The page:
Back to the "recasting be bad!!!" lead-in: I'm actually referring to the issue of quality... but that's not always necessarily so. In this case I'm talking about a Siamese recast Guyver 0 kit I purchased at eBay. Yikes!!! I know that being an enabler has its own moral issues, but I bought it because I was curious, and because I thought I might use the head casting for a female Guyver mod (being uncertain that my eyesight would be adequate to sculpt the fine detail) and because the sucker was dirt cheap. Generally speaking, the original prepainted Max Factory kits from the early '90s are rather difficult to come by nowadays, especially if you're looking for something specific. The Guyver 0 head is close to the female Guyver 2's, but I wasn't willing to sacrifice my Max Factory Guyver 0's head. I also didn't want to spend on moldmaking and casting supplies for this small thing (the supplies have a limited shelf life-- use 'em or lose 'em). Like I said, the ethics can be awfully situational for us slippery weasels, and we love rationalizations...

The quality of castings and recastings isn't necessarily or intrinsically bad. With the right tools, supplies and good technique, a casting can be virtually indistinguishable from the original to the naked eye. Molding and casting supplies can capture extremely fine detail, down to tiny pores in flesh. Recasting's reputation for poor quality probably comes from the fact that anyone can do it and recasters can't stop at just one casting. To recoup costs of the supplies and make a profit, they cast many, many copies from the molds, sometimes using them far past the point where they've deteriorated and need to be replaced. Each casting takes its toll on a mold, particularly if it's made from a soft and flexible elastomer that makes it possible to cast undercut detail. Another factor is that anyone can do it, including folks that don't have good technique, equipment for degassing the chemicals, and don't care about the chemicals' shelf life. The result of all these factors are what recasting's fairly well known for: Bubbles, pinholes, "sweating" castings, and soft detail. Of course, if you're only in it for the money, that's irrelevant since cutting corners means more short-term profit. On the slippery slope scale of morality, I think it's a better path than taking money at gunpoint (of course, nothing says that you can't do both).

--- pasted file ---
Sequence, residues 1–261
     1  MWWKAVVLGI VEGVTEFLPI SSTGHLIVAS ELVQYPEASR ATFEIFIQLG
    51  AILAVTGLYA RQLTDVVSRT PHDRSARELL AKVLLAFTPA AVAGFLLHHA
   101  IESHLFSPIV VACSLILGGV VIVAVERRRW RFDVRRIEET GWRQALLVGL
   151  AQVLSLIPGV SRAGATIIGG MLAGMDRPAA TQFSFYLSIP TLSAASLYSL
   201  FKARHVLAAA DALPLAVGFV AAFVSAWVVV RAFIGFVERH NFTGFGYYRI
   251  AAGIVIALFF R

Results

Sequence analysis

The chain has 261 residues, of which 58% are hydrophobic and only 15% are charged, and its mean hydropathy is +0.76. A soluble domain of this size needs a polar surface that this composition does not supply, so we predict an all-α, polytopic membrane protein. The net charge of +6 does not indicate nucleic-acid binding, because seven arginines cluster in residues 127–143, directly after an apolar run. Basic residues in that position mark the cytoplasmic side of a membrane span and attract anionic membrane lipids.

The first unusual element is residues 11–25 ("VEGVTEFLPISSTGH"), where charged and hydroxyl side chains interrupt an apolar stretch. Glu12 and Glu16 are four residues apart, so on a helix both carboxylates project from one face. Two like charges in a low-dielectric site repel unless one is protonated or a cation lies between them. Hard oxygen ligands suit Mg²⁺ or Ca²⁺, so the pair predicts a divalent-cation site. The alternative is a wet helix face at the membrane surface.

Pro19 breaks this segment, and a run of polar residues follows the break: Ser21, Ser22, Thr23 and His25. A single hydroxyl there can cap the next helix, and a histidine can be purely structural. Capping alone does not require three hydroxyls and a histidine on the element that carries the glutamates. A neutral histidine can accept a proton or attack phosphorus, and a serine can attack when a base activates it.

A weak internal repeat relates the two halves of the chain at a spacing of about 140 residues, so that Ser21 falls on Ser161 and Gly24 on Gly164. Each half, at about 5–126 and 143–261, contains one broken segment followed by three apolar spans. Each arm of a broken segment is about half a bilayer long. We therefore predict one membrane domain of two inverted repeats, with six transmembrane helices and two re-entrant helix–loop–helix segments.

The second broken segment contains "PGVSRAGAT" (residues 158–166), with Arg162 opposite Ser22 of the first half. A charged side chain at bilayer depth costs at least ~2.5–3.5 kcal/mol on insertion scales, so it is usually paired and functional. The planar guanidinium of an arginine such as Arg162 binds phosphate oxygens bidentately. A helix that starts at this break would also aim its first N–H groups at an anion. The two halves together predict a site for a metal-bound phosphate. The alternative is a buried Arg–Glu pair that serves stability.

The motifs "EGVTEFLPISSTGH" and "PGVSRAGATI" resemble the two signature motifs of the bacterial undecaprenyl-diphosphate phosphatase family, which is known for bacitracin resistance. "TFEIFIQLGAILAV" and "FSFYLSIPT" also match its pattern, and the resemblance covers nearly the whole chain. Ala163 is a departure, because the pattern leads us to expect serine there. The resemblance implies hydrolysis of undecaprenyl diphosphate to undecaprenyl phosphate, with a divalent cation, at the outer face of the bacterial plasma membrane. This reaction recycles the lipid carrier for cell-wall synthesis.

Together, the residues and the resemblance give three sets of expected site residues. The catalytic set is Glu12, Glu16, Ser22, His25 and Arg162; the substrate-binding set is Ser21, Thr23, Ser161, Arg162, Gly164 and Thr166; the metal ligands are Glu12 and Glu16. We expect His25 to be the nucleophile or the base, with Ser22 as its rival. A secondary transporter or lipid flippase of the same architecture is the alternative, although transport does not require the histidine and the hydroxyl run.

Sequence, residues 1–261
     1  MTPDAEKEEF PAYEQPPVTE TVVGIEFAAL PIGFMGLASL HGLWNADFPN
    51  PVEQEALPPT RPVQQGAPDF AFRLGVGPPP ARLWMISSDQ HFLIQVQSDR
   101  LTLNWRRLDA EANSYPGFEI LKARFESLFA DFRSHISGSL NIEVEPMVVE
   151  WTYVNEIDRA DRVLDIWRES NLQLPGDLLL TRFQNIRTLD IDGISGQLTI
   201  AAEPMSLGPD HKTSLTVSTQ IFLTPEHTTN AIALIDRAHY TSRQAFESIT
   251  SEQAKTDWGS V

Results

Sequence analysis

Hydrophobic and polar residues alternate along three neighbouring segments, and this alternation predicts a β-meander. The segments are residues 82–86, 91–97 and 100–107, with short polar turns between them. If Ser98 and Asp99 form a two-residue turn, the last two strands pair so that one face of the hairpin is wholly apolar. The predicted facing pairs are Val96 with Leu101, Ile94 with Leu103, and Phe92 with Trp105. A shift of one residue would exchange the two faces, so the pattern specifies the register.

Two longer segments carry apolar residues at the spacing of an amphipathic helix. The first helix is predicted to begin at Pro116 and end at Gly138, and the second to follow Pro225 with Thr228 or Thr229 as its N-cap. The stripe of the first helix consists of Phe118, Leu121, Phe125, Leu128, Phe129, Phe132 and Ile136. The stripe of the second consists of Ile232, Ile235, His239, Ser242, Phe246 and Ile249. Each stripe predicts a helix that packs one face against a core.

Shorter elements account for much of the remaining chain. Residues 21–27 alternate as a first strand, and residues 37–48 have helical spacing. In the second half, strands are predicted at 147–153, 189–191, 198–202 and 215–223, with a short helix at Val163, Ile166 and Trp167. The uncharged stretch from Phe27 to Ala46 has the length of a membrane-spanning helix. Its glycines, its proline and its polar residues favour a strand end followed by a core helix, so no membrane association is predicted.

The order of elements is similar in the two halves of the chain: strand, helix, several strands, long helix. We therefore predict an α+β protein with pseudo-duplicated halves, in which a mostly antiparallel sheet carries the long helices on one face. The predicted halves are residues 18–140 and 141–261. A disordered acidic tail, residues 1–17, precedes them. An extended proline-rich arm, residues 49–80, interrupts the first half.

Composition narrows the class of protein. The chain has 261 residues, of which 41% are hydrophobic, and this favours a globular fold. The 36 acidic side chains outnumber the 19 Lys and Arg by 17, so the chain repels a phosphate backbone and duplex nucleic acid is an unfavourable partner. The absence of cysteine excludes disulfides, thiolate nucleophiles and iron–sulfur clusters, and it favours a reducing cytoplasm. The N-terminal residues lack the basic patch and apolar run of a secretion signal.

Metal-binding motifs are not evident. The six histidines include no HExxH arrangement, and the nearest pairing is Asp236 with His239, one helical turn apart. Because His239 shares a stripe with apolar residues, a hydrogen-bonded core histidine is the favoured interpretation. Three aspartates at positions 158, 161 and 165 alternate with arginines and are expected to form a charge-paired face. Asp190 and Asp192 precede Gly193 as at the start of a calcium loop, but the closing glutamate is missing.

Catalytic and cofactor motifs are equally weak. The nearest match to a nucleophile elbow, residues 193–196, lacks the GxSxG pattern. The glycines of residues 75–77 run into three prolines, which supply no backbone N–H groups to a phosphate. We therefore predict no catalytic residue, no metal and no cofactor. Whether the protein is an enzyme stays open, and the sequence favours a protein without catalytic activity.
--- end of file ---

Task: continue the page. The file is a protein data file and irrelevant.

Besides the issue of quality, another interesting feature of the recast parts is that they're noticeably smaller than the original parts. These castings are made of vinyl, and I'm not familiar with the stuff or the process, but I do know that standard polyurethane resin (the rigid stuff) doesn't have anywhere near this magnitude of shrinkage. There are mold-making materials that advertise this as a feature; doing it from the casting side could have some useful creative applications. For straight recasting though, I wouldn't consider this a good thing.

If you're a die-hard collector of Guyver stuff and missed Max Factory's kits and Bio Fighter Wars figures during the first go-rounds, the cheap recast kits on eBay may seem like a very attractive alternative. Although it's possible to produce a very faithful kit with undiscernable shrinkage and excellent detail capture, my gut feeling is that you won't find that on eBay for under $20. However, if you're a reasonably-skilled modeler, the kits may be an acceptable framework for building your own custom creation, as long as you're willing to do the resculpting.